Throughout I speak of alpha males and use the masculine term. Alpha females also exist, but are not addressed here.
Eighty percent of people who voluntarily resign from their jobs cite their manager as one of the main reasons for doing so. They move on in search of a more attractive opportunity or better working environment. Professional cricketers are selected into their position and thus are not so lucky if they have a lousy ‘boss’, they can’t leave and go to another team. Conversely, most people who are happy in their team or workplace are likely to have a coach, captain or boss they respect and who is a likeable person. After all, the leader sets the tone for most performance environments.
In professional sport and big business, it is most likely that a successful leader will be a combination of dynamic, driven, strategically minded, confident, intelligent, opinionated, results oriented and/or dominant. These are the proverbial ‘alpha males’.
I have worked with and coached a fair amount of them. The reason I write this blog series is to share some of the information that would have made my life a heck of a lot easier had I known it earlier.
Not all alpha males are the same – it is too general a term to define this class of animal. South African cricketers would have quite different experiences of Kepler Wessels and Graeme Smith, as would Indian cricketers have experienced Greg Chappell and Gary Kirsten quite differently. Some make the working environment enjoyable and successful, some create success, are nice to learn from but are not nice to work with, and others are downright awful and soul destroying to be around. It’s the last category that has led to the lowest points of my working life, mainly because I had no idea what I was dealing with, nor how to deal with them.
When an alpha male walks into a room, he is noticed, he has presence. When in a group, he will naturally lead and others will willingly follow. Characteristic of them is that they believe deeply in themselves and thus are secure, self-confident and have strong opinions. They are highly intelligent and are able see the big picture, are able to find solutions and can see further into the future than most. They take action and make the difficult decisions. They have high expectations of themselves and of others. They motivate people to produce results, and lead from the front. They are good communicators who speak slowly and clearly, and have a good sense of humour. The have high energy levels, are hugely productive and are not scared to work long hours. They have sound morals and ethics, and live a principled life. They revel under pressure with others looking to them for leadership in times of chaos and difficulty. Graeme Smith has produced more match-winning performances in the 4th innings of test matches than any other, at times when batting is most difficult and his team needed him most. MS Dhoni was in poor form leading up to the World Cup final in India in 2011. With India on 114 for 3 and needing 275 to win the final, he moved himself ahead of in-form Yuvraj Singh. He walked out to bat taking the responsibility onto his shoulders, and returned from the crease with 91 not out and the World Cup Trophy.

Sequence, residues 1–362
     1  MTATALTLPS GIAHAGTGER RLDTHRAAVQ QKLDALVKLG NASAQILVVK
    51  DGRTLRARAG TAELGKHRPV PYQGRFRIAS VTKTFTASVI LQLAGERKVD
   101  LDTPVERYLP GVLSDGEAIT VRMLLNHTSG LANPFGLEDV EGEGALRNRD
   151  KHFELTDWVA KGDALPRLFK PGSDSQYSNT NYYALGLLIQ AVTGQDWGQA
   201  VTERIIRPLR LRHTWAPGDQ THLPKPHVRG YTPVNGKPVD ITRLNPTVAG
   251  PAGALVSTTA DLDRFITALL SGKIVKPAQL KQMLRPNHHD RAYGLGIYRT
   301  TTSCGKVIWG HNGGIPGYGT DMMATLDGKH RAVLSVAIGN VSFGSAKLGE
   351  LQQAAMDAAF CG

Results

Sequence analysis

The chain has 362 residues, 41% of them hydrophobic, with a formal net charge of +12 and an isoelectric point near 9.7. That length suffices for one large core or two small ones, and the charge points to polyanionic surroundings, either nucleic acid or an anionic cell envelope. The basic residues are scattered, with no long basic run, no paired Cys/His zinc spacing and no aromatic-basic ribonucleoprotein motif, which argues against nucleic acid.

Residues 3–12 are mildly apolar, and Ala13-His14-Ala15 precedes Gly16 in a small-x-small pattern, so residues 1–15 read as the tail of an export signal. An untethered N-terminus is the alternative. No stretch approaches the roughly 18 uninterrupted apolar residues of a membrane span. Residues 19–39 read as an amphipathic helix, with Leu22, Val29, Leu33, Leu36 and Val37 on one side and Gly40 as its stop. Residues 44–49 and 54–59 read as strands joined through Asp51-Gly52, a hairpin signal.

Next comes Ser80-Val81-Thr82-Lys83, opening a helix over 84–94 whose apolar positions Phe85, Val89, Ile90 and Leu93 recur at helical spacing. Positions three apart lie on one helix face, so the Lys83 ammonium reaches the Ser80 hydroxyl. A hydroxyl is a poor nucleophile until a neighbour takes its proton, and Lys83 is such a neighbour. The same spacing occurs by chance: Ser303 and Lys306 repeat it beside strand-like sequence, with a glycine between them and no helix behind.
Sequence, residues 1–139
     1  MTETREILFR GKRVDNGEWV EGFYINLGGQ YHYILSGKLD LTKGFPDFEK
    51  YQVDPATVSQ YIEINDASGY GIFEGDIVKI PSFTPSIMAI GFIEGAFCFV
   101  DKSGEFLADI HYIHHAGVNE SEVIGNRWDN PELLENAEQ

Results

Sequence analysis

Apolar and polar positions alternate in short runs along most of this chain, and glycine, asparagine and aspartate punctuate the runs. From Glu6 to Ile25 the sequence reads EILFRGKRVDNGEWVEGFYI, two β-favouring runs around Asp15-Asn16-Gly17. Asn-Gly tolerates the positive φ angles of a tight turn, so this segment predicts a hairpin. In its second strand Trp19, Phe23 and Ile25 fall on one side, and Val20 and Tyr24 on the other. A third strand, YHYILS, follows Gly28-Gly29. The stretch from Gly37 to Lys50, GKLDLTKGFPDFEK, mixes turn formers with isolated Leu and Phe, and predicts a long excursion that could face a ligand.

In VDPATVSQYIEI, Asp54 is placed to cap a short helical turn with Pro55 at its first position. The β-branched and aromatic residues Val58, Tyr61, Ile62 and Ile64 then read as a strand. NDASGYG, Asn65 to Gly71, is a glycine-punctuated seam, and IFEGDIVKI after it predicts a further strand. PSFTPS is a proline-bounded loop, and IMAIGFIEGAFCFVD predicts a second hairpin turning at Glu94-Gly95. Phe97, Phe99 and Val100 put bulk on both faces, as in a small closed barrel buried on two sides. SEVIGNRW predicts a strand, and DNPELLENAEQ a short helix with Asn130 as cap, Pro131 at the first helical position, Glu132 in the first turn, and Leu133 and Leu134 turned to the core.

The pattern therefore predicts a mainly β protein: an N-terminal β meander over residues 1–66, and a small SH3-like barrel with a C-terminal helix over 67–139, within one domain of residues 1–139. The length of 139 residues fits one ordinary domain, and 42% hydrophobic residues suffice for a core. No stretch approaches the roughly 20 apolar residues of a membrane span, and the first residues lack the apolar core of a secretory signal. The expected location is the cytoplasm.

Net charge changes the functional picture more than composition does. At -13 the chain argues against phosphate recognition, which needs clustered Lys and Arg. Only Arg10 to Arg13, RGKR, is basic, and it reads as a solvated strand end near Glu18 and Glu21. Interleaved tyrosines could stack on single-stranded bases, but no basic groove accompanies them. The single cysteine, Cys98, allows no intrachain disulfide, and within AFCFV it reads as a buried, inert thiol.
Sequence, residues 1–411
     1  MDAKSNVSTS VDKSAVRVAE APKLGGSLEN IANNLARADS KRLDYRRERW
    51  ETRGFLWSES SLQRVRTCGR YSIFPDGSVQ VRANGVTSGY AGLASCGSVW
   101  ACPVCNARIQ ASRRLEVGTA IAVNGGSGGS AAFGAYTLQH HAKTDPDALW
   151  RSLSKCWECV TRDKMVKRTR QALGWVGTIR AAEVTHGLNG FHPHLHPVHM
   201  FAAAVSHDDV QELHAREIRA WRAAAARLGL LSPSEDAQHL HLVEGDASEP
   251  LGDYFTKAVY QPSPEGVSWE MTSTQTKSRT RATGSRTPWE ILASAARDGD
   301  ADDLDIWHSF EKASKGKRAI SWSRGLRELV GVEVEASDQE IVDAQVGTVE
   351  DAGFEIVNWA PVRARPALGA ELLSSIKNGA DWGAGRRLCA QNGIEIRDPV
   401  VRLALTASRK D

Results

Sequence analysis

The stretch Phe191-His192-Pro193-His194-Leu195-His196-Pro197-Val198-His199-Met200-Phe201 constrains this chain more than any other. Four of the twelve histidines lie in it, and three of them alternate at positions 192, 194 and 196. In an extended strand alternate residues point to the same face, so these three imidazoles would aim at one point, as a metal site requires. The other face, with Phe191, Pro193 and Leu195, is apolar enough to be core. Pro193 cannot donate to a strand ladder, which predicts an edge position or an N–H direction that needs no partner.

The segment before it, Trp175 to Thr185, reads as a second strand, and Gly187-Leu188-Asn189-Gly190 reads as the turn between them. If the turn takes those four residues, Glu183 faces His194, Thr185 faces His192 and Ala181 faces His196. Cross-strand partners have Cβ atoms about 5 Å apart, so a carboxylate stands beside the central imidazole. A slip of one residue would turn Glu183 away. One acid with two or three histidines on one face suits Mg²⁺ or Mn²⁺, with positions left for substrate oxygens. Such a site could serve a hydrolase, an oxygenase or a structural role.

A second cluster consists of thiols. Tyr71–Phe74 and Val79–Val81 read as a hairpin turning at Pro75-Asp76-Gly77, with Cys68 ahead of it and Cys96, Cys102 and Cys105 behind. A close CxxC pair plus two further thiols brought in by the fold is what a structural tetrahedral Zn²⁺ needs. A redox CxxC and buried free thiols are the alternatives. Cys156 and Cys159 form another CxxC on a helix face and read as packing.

The above are some of the healthy characteristic of alpha-males. The more an alpha-male exhibits these qualities, the more he will be respected and followed, the healthier the team environment will be, and the more they are likely to produce sustainable results. There is little surprise that coaches like Gary Kirsten, Andy Flower, Jake White, and Clive Woodward are respected by players, and that they lead happy teams that have enjoyed success.
This type of leader will not produce employees who are part of the 80% who leave a job because of their boss. Professional cricketers can count themselves lucky if they have such an alpha male coach or captain.
Like heads and tails on a coin, there is another side to alpha males. Too much self-confidence can flip over into arrogance, creating closed-minded know-it-alls who talk but do not listen. They may rarely admit being wrong and will cut down anyone who disagrees with them. I was recently invited to meet with a CEO of an Australian company who asked me to present some ideas that could be employed in his company. All I succeeded in doing was listening to him for an hour.
The alpha male’s high expectations can lead to him being constantly dissatisfied if things aren’t perfect – which they seldom are. He will constantly find flaws in others and will harp on the mistakes they make. There are sport coaches who regularly rant and rave after their team has delivered a performance that is below the coach’s expectation – even though in any given season this will naturally happen. They harp on the error each time a mistake is made, whether it’s a catch dropped, a below-par bowling spell or dismissal through a poor shot. Some captains openly berate their player’s errors on the field of play, whilst managing to overlook their own errors.